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September 8, 2016

Ibn Arabi: A Muslim scholar whose time has come?

Prof. Dr. Mohamed Elmasry

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One of Islam's greatest scholars was the Andalusian, Muhi-Al-Deen Ibn Arabi (1165 - 1240 CE), who was truly a "renaissance man" long before that name was applied to the 15th - century resurgence of arts, letters and science.

Ibn Arabi was a philosopher, judge, imam, teacher, poet, Sufi master and, with more than 85 books to his credit, one of the most prolific writers of the Muslim world’s golden age.

His masterpiece and legacy is the multi-volume 12,000-page Al-Futūḥāt al-Makkiyya (Reflections at Mecca). I am very proud to own and to have read a copy of it in the original Arabic, edited and printed in Egypt in 1985.

Al-Futūḥāt al-Makkiyya was written over a 20-year period while Ibn Arabi was settled between Mecca and Damascus, the city where he died.

Topics contained in this vast opus include: why and how one comes to know and love God; inner meanings of Islamic rituals and how they can help in our journey to God; the nature of cosmic hierarchies; spiritual meanings of the traditional 99 Names of God; and the significance of messages taught by the various prophets.

Once pushed aside, and even denigrated by other Muslim scholars, Ibn Arabi’s writings should be reconsidered today in light of their universal relevance. At a time when spiritual literacy is at an all-time low among young people – Muslims and other faith groups as well – he has much to offer today’s educators.

Although Ibn Arabi’s classical writing style is too complex and convoluted for many present-day readers, his message is simple and universal: to “live,” you must trigger within yourself both knowledge and love of the Creator and creation, including yourself. If you do not embrace both elements in relating to God, you are effectively spiritually dead. Living in a state of knowledge and love is meant to be a lifelong journey, one to enjoy and celebrate.

Considered the most significant and profound reflection on Islamic thought ever written, Al-Futūḥāt al-Makkiyya has never been entirely translated into English from its original classical Arabic, although that achievement is now not far off.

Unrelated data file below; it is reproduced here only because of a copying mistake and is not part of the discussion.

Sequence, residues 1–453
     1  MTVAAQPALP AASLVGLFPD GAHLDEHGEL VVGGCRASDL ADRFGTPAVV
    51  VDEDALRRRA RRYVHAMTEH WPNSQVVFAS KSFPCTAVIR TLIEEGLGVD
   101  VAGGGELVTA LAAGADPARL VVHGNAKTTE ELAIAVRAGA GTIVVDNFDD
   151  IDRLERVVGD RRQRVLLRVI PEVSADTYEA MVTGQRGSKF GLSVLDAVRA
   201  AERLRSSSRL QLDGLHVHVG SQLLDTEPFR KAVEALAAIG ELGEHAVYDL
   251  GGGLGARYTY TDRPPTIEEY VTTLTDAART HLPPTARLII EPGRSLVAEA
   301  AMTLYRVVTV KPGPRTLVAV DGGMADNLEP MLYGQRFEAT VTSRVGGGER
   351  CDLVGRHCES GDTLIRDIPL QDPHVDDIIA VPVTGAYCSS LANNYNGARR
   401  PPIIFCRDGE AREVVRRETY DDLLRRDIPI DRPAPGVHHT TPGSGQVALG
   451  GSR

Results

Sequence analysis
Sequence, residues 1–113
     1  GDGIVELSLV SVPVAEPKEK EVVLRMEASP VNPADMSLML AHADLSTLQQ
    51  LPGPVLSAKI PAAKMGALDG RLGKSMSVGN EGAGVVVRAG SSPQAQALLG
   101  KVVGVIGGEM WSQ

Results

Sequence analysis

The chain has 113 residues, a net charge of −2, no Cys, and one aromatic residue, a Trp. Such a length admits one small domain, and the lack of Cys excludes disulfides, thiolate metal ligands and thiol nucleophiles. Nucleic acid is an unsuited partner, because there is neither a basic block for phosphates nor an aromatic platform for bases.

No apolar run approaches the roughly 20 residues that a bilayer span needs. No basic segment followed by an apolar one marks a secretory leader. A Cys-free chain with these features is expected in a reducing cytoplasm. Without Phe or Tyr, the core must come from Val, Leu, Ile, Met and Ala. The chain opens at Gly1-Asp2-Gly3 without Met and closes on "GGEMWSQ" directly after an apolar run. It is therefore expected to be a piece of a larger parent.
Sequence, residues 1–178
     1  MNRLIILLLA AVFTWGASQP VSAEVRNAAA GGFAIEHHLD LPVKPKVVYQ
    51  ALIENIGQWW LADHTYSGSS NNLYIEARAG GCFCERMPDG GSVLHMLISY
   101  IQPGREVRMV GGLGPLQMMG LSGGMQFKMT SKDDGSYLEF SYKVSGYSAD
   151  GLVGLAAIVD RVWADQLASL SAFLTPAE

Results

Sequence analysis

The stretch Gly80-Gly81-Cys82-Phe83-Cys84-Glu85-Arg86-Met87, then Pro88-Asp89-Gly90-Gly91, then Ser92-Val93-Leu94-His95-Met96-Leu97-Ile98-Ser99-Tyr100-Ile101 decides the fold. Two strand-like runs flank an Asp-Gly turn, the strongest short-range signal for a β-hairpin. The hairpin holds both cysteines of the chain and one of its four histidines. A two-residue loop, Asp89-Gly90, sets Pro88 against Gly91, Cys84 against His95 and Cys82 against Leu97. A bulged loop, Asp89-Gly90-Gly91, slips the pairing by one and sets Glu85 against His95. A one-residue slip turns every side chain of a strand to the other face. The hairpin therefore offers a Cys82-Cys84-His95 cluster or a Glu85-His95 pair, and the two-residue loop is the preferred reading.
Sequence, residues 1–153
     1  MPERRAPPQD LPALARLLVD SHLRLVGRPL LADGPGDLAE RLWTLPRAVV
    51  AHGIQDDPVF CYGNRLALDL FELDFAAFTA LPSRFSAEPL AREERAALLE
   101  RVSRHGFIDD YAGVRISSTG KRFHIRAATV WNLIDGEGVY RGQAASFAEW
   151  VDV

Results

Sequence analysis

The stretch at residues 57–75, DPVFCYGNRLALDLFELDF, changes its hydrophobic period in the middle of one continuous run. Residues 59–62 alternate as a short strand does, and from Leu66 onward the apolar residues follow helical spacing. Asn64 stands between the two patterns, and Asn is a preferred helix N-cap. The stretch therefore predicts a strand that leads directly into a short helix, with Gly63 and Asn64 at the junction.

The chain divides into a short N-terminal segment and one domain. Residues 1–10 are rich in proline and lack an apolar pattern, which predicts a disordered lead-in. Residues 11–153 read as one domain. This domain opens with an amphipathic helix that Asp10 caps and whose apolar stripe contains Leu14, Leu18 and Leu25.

Dr. Eric Abu Munir Winkel, one of the few to have extensively translated Ibn Arabi’s work, has undertaken the gargantuan task of making Al-Futūḥāt al-Makkiyya available in English. He recently announced that the first 12 volumes – of a projected 37 – have been completed.

Why it has taken so long is not due at all to intellectual neglect: it is because the literal translation of classical Arabic, an intensely poetic and highly nuanced language, is almost impossible.

In fact, the best approach would be to rewrite Ibn Arabi’s reflections afresh in English. But this too is a daunting prospect. It requires a multi-disciplinary approach with access to expert resources covering topics that include (but are not limited to) Islamic law, history, sociology, science, metaphysics, cosmology, spiritual anthropology, psychology, and jurisprudence.

Thus the only way a translator can handle this material is to know the complete work in Arabic, understand the multi-faceted methodology that Ibn Arabi uses, find the right words and appropriate sentence constructions in English, and connect enough of the context through footnotes for the reader to proceed.

So far, for example, there have been two German translations of Ibn Arabi’s mystic poems, the Tarjuman al-Ashwaq. One is aimed at a general readership; the other includes Ibn Arabi’s own theological and metaphysical commentary, along with his original poetic texts.

However, I can tell you some salient points about Ibn Arabi’s approach to life in Al-Futūḥāt al-Makkiyya that make him a very relevant writer and thinker for our own century.

First, he humbly reminds readers that he is neither an author nor composer, because in these fields writers are constrained by their chosen thesis and knowledge of the topic, or by the parameters of the science they are discussing.